Foreign exchange trading increased by 20% between April 2007 and April 2010 and has more than doubled since 2004.[63] The increase in turnover is due to a number of factors: the growing importance of foreign exchange as an asset class, the increased trading activity of high-frequency traders, and the emergence of retail investors as an important market segment. The growth of electronic execution and the diverse selection of execution venues has lowered transaction costs, increased market liquidity, and attracted greater participation from many customer types. In particular, electronic trading via online portals has made it easier for retail traders to trade in the foreign exchange market. By 2010, retail trading is estimated to account for up to 10% of spot turnover, or $150 billion per day (see below: Retail foreign exchange traders).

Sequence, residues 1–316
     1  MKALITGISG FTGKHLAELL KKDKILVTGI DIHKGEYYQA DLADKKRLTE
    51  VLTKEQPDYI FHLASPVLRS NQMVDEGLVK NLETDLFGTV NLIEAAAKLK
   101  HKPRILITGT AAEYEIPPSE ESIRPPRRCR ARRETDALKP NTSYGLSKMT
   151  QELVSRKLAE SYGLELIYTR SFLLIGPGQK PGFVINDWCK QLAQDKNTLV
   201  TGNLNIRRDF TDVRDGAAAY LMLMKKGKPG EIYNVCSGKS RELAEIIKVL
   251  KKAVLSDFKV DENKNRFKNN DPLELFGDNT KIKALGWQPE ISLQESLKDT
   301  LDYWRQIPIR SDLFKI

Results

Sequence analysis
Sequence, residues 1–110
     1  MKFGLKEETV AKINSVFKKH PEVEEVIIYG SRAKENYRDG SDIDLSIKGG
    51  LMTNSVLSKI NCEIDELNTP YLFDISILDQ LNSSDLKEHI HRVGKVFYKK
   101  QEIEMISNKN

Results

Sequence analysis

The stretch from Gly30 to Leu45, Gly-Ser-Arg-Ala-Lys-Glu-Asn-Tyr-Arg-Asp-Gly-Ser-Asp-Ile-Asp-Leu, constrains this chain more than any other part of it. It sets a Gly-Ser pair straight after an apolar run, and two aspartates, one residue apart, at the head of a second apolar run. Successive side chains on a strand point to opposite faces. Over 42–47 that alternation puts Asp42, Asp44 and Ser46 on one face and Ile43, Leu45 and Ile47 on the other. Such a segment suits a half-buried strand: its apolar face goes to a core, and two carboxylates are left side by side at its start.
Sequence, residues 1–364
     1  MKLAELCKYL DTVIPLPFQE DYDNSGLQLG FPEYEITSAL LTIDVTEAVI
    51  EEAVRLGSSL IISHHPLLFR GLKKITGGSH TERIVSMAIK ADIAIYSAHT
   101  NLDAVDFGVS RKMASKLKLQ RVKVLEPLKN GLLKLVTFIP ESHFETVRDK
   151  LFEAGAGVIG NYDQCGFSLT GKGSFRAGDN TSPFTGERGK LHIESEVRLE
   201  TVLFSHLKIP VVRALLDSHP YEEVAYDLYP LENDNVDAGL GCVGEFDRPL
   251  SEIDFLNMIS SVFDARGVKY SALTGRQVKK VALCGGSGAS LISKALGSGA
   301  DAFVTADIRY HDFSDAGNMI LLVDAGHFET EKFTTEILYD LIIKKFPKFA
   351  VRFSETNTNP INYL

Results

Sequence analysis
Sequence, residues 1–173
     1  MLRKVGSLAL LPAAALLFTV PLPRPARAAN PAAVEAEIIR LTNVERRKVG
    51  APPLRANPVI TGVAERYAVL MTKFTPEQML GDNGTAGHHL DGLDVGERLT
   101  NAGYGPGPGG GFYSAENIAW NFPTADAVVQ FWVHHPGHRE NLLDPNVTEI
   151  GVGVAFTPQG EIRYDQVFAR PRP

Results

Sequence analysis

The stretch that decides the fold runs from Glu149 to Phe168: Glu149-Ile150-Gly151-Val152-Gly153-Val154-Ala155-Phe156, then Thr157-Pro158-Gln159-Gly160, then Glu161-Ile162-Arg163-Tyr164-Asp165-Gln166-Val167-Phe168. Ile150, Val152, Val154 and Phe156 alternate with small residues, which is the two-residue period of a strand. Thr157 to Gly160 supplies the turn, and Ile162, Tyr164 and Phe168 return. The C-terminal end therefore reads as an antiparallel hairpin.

Foreign exchange is an over-the-counter market where brokers/dealers negotiate directly with one another, so there is no central exchange or clearing house. The biggest geographic trading center is the United Kingdom, primarily London, which according to TheCityUK estimates has increased its share of global turnover in traditional transactions from 34.6% in April 2007 to 36.7% in April 2010. Due to London's dominance in the market, a particular currency's quoted price is usually the London market price. For instance, when the International Monetary Fund calculates the value of its special drawing rights every day, they use the London market prices at noon that day.

By Notgoogle - http://www.forexuk.org/, Public Domain, https://commons.wikimedia.org/w/index.php?curid=5661461

Market participants[edit]
See also: Forex scandal

                 Top 10 currency traders 

% of overall volume, May 2016
Rank Name Market share
1 United States Citi 12.9 %
2 United States JP Morgan 8.8%
3 Switzerland UBS 8.8%
4 Germany Deutsche Bank 7.9%
5 United States Bank of America Merrill Lynch 6.4%
6 United Kingdom Barclays 5.7%
7 United States Goldman Sachs 4.7%
8 United Kingdom HSBC 4.6%
9 United Kingdom XTX Markets 3.9%
10 United States Morgan Stanley 3.2%